One of the most irritating myths about the stock market is that daily news items explain most of the movements in the stock market. Every day you hear that the stock market went up or down because of a specific economic or political news event. Today, when the stock market tanked, with an almost immediate 300 point loss, it was blamed on the weekend revelation that the Supercommittee was not going to come up with any solution by its statutory deadline. However, any such connection is totally ludicrous.
As J. P Morgan once so astutely noted, stocks will fluctuate. Stocks will go up or down, even if there is absolutely no news. What controls the stock market and stock prices is the general expectation of the future health of the economy and companies by the world as a whole. This is not to say that news doesn't affect stock prices. But for news to affect stock prices, it must deviate from the current expectation. For example, if everybody expects that Microsoft will buy out Yahoo for $30 a share two months from now, Yahoo certainly will not be trading for $15 today--it'll be trading much closer to $30. Of course, expectations are not black and white, so current prices reflect the probabilities of certain events happening. So if Yahoo stock is worth $15 a share without takeover prospects, but there is a 50 percent chance that some company would buy them out in the near future for $30 a share, its current price would settle somewhere around 22½.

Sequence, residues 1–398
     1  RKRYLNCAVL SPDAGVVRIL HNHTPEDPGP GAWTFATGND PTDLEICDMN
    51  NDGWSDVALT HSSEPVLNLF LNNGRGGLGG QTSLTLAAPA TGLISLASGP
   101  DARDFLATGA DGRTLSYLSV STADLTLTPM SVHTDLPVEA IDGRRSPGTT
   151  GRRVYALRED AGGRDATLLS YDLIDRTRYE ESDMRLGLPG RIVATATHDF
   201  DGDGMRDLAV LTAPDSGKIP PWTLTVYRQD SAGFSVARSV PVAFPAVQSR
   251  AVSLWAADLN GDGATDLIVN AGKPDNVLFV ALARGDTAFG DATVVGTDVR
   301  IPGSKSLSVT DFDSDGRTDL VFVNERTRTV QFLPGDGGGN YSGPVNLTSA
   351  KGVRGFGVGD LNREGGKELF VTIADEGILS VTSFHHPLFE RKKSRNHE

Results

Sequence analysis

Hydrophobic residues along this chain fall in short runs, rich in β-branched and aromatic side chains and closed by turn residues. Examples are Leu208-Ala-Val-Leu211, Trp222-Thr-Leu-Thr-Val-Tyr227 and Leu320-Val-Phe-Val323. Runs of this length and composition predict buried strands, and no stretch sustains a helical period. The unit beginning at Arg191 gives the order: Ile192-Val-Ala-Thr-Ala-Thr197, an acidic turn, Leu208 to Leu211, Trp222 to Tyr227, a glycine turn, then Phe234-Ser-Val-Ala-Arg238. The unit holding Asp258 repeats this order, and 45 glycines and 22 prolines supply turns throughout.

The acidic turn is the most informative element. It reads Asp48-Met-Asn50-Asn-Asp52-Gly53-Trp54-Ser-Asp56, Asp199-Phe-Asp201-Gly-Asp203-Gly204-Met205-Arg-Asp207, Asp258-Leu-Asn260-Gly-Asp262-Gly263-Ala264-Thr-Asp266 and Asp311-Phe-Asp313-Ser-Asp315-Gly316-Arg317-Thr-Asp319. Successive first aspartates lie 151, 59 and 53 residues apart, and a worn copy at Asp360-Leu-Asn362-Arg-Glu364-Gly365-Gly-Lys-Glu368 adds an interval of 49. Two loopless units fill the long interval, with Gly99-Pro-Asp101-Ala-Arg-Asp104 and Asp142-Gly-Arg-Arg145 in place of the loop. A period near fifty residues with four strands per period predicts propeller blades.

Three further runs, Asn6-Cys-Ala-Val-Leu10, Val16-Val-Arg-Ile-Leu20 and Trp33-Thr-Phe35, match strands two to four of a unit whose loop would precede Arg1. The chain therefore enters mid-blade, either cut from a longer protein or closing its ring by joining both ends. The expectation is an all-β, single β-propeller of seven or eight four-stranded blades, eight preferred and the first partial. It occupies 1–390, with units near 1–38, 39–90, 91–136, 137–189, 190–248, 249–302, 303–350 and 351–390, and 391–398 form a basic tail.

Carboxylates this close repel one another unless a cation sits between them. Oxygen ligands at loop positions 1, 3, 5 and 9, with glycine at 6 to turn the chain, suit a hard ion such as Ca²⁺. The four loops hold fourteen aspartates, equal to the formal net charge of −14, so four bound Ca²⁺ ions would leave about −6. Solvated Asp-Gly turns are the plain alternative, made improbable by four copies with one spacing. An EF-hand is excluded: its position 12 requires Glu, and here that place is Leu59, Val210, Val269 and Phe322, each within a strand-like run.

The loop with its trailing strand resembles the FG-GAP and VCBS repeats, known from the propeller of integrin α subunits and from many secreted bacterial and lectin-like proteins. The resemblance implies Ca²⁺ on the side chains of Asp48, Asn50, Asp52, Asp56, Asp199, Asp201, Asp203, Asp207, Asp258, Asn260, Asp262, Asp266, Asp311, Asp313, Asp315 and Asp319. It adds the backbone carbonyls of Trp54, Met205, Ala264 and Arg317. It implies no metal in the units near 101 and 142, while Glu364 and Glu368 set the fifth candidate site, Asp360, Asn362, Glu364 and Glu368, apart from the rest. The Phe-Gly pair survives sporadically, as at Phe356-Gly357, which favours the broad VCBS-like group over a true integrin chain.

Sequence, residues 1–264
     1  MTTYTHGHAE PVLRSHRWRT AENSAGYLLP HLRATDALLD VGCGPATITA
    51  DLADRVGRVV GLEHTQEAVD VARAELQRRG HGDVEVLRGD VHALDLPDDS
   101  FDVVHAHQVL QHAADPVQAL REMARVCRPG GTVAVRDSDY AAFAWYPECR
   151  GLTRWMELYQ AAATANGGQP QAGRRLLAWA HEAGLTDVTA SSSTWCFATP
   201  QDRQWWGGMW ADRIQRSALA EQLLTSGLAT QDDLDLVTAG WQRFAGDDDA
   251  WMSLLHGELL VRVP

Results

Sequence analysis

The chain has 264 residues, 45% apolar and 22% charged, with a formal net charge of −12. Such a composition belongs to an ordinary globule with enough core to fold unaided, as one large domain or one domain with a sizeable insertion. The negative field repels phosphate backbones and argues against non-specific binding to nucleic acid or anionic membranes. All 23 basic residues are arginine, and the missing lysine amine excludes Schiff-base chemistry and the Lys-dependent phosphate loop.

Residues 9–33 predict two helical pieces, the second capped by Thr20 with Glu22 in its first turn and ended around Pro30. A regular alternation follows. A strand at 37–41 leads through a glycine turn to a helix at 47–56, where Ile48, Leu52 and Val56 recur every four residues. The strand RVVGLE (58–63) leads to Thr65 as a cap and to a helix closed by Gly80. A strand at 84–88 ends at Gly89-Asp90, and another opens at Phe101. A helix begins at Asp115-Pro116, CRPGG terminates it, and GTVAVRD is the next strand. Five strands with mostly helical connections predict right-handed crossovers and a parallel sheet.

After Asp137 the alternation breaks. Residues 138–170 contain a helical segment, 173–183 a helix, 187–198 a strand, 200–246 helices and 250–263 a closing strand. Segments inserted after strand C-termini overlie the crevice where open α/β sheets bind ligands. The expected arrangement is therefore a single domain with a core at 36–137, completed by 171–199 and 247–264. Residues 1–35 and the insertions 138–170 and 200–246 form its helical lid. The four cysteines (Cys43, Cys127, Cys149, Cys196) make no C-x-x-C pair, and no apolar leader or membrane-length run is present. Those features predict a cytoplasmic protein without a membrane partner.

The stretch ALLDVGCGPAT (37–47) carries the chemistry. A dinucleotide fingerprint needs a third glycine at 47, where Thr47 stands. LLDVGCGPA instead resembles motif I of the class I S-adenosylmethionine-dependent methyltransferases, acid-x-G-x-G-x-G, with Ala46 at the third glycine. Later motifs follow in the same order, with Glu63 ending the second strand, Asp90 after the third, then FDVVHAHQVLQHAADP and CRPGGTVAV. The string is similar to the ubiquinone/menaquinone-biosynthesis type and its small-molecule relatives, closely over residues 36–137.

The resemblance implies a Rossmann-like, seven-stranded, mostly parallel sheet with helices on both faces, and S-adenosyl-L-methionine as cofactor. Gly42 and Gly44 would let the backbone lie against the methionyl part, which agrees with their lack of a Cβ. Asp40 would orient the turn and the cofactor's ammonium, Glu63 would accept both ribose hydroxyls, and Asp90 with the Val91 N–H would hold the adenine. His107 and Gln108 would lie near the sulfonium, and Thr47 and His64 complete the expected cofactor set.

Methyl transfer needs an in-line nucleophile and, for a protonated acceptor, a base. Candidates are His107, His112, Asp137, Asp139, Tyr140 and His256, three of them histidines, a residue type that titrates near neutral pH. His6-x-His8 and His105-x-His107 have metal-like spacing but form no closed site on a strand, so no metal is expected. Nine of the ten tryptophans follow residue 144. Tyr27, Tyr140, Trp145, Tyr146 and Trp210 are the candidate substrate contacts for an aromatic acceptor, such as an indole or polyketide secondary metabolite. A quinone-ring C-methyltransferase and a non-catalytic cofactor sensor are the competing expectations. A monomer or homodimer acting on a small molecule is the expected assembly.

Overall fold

Which brings up to today's market drop being blamed on the Supercommittee's inability to come up with a budget alternative. Well, if the general expectation had been that the Supercommittee was going to be successful, and the failure to come up with an agreement would be catastrophic, then the cause and effect would be reasonable. But in fact the failure of the Supercommittee to find a solution was almost as surprising as the fact that the sun rose today in the eastern sky. Trading futures on Intrade a week ago pegged the chance of a Supercommitee agreement at 20 percent, a percentage which undoubtedly diminished during the week last week. Furthermore the lack of an agreement merely means that the default solution goes into effect, unless otherwise modified by 2013. Consequently, unlike something approaching a Congressional bailout vote with down to the wire uncertainty, this news had little to do with today's stock market action.